“Sam made a powerful transition from an owner who didn’t know the financial side of the business to someone who took charge,” Rohr says. “Very few business owners know every line as Sam does.”
He shares the numbers in a weekly meeting that includes Jim Marcisso, Davis and Nicely as well as office manager Sandra Nason and install manager Jason Brown.
“All the managers review financial data. That’s a brave thing to do,” Levi says. “Six people, including Sam, review the numbers every Thursday. They’re running the car with the financial blinders off now.”
The meeting also gives the managers an opportunity to focus on their Top 5 No. 1 projects each week. These projects need to get done to keep the business on target, Marcisso explains.
Examples include a truck-stocking program that reduces the number of trips to the supply house and sales training for system engineers that allows them to close a sale in one trip rather than multiple visits. Pine State has completed 20 projects, Marcisso estimates, although new ones can be added at any time.
Besides the weekly meeting, the owners made an even more visible change by moving from their second-floor “ivory tower” offices down to the first floor. The new office arrangement has improved communications, accountability and efficiency, Levi notes.
Pine State’s new in-house training center represents another change to the physical layout of Pine State’s headquarters and its company culture. The multipurpose center opened earlier this year, with an open house held in April.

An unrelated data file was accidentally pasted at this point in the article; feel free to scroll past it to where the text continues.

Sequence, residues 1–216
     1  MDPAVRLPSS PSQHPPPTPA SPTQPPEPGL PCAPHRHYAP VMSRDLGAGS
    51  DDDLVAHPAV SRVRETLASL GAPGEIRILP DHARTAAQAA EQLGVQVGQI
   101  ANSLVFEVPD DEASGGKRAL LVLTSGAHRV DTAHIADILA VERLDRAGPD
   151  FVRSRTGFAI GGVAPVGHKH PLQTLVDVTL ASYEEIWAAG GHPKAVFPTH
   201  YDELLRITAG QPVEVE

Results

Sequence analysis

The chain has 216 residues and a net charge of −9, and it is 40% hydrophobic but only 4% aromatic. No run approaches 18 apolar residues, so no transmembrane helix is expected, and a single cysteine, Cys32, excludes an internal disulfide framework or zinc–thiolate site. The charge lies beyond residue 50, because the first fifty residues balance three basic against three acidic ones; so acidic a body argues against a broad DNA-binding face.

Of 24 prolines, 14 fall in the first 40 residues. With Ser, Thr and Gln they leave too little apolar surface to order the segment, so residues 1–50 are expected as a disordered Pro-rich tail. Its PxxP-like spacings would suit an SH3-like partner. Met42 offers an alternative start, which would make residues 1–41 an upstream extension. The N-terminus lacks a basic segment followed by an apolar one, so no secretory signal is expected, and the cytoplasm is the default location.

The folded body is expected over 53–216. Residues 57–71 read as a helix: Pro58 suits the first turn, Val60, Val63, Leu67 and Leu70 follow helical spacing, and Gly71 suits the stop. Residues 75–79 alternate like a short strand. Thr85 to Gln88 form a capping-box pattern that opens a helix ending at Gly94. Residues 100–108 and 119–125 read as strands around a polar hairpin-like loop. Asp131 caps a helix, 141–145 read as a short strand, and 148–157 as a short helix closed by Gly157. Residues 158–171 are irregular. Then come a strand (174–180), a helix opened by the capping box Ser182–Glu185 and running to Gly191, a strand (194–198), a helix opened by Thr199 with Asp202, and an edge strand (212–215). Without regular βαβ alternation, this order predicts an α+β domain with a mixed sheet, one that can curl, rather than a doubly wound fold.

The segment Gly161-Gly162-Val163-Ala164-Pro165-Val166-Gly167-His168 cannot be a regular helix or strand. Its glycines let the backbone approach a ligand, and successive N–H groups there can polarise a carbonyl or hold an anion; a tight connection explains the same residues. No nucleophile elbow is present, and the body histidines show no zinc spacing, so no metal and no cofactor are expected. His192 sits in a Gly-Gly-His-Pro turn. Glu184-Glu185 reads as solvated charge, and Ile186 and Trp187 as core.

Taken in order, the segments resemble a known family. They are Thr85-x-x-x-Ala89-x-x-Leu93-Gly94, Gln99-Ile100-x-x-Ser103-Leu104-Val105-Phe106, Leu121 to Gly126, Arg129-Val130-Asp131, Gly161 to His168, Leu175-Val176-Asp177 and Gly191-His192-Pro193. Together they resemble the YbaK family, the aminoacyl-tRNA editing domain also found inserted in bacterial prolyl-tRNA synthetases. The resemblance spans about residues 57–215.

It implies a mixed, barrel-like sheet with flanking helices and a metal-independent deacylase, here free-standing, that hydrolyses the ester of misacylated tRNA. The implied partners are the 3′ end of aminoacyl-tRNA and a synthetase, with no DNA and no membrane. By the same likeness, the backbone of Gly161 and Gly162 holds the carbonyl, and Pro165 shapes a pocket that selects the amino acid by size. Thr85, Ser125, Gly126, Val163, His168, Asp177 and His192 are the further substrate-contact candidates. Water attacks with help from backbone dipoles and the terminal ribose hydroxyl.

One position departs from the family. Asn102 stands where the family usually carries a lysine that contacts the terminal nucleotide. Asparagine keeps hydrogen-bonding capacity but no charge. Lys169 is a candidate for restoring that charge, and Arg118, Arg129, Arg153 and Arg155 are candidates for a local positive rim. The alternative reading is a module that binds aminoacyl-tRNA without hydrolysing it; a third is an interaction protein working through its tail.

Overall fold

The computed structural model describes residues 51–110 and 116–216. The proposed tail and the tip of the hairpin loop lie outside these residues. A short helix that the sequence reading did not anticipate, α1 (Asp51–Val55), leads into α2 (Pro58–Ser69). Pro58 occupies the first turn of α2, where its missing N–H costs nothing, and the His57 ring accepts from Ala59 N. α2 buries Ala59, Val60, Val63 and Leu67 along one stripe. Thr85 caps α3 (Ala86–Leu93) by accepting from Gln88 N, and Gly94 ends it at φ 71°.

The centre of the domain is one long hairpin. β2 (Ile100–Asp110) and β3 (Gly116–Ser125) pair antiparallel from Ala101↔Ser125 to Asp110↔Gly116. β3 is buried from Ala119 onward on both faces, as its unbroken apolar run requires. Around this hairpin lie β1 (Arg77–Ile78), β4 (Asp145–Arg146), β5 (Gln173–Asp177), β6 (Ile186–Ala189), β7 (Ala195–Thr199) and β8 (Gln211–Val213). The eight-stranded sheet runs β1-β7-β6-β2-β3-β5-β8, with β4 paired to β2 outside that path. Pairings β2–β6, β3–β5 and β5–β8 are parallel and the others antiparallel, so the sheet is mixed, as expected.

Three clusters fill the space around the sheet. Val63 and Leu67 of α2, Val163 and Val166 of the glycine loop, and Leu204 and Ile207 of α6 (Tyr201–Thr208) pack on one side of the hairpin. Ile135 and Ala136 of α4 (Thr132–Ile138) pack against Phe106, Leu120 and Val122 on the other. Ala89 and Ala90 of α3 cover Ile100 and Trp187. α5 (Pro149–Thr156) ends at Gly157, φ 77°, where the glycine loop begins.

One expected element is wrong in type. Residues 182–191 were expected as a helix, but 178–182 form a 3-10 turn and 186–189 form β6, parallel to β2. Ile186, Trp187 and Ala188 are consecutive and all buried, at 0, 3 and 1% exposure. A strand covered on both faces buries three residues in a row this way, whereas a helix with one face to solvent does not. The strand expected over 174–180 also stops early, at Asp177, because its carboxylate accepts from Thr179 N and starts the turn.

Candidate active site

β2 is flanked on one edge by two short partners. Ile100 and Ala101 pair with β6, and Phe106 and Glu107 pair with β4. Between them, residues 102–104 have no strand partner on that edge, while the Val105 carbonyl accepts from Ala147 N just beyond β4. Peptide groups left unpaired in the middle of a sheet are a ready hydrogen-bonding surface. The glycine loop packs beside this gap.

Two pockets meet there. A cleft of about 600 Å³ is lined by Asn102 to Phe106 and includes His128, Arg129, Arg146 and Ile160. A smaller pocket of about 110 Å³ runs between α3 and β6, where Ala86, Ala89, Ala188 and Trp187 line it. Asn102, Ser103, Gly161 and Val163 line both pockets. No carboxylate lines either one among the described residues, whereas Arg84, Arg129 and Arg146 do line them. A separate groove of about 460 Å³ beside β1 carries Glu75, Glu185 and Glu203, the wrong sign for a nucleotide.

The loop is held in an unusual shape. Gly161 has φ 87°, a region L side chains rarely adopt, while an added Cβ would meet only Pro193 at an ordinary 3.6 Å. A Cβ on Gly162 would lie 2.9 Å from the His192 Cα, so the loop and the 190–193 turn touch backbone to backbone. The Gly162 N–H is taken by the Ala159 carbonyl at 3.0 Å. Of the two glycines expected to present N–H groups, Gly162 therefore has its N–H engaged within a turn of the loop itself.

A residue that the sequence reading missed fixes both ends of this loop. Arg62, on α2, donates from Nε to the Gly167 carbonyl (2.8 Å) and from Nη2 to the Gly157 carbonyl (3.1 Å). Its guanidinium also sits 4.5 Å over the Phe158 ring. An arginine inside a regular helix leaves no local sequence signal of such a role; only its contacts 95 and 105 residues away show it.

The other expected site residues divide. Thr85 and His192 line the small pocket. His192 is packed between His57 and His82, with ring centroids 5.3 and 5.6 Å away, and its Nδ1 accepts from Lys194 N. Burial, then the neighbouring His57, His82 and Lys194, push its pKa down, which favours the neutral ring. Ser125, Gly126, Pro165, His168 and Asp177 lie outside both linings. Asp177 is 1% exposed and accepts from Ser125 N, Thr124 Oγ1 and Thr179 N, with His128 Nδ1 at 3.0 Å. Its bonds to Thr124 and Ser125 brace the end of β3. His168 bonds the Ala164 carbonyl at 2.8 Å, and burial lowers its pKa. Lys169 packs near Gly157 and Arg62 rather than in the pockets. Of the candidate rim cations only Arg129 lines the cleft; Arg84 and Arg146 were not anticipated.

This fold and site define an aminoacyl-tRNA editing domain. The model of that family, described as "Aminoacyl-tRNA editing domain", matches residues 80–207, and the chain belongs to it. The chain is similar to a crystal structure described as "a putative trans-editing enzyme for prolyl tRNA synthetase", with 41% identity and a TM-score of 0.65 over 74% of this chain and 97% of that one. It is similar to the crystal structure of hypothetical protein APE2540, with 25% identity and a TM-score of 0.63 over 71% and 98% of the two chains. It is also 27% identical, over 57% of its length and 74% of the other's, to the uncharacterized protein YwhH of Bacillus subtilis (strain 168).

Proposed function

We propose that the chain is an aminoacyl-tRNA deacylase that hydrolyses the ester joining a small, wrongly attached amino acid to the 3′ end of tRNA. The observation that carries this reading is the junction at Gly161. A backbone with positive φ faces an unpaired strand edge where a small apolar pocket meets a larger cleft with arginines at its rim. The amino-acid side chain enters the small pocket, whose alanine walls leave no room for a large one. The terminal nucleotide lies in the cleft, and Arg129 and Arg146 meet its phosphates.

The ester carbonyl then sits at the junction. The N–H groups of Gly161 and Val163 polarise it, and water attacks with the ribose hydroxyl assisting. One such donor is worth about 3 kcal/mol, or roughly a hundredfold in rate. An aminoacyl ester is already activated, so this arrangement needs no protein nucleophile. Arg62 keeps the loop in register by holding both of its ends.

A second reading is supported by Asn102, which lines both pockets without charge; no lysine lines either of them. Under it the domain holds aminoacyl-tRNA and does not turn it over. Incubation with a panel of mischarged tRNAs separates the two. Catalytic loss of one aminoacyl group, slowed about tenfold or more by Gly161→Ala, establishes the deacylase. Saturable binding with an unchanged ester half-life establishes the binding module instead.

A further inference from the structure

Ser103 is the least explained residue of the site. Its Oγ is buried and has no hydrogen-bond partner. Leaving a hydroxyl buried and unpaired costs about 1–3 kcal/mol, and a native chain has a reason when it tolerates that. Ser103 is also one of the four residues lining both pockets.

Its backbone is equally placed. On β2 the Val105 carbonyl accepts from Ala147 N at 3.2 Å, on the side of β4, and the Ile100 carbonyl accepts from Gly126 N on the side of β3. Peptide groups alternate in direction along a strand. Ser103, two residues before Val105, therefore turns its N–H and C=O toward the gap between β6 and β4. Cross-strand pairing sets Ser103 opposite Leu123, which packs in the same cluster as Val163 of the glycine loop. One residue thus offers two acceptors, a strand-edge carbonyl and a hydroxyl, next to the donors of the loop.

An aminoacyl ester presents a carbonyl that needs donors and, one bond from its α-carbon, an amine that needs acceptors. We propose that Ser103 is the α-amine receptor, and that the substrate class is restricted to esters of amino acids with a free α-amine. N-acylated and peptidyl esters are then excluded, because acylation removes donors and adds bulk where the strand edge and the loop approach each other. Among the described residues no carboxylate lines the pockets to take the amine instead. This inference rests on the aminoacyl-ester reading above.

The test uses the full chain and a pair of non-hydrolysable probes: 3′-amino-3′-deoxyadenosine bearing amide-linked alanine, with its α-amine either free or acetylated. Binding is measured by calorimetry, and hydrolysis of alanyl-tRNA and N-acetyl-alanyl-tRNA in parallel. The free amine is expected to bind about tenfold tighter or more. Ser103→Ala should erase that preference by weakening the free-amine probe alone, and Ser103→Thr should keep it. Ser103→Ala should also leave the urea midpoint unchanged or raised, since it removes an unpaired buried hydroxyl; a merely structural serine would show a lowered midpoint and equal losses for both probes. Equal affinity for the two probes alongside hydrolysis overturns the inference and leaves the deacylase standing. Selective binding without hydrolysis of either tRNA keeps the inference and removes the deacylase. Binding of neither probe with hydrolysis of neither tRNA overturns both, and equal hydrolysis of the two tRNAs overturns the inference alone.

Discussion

“We train our own people so we’re not coming to your house to learn our job,” Marcisso says. “We’re also bringing in Mr. and Mrs. Homeowner to see what’s available and demonstrate how it works.
“We attempted to build a training center several years ago, and it just failed. With Al, we laid it out properly, and we got manufacturers to donate equipment. Everyone came together as a team and that built camaraderie. It was fun.”
The training center features solar water-heating equipment, radiant heat with four types of flooring, geothermal heat pumps and a warm-air furnace, among other products. Manufacturers that donated energy-saving products include Burnham, Buderus, Uponor, Bryant, Prestige, Mitsubishi, Rinnai and Grundfos.
The plumbing portion of the training center will feature low-flow toilets and showerheads as well as water filtration equipment. TOTO and Grohe will be among the manufacturers to donate products.
Sales and technical classes in the training center combined with Pine State’s operations manual already have reduced the number of callbacks, Marcisso says. For example, the manual describes the process of handling a no-heat call from a customer.
“We had no uniformity before,” he says. “A no-heat call can be as simple as listening to what the customer is telling you. We train on really listening and becoming an adviser for the customer. There’s consistency now.”
Future GreenLevi and Rohr still visit Pine State quarterly. Marcisso talks with Levi on the phone weekly and with Rohr every other week. In addition, she stays in touch with Pine State’s office manager to discuss financials.
Asked if he would have handled any of their advice differently, Marcisso says he would have acted faster on some of it.
“Change is hard,” he says. “Letting people go who worked for me for a long time, for example. If I had the wrong people on the bus, I had to get them off the bus. There were no hard feelings when everything was done.”
Marcisso is looking forward to more growth. His plans include expansion, possibly by acquisition, as well as new branches.
“Now is the fun stuff, knowing that I have the tools in place,” he says. “I’ll enjoy that. I feel I’ve finally earned the right to have dessert.”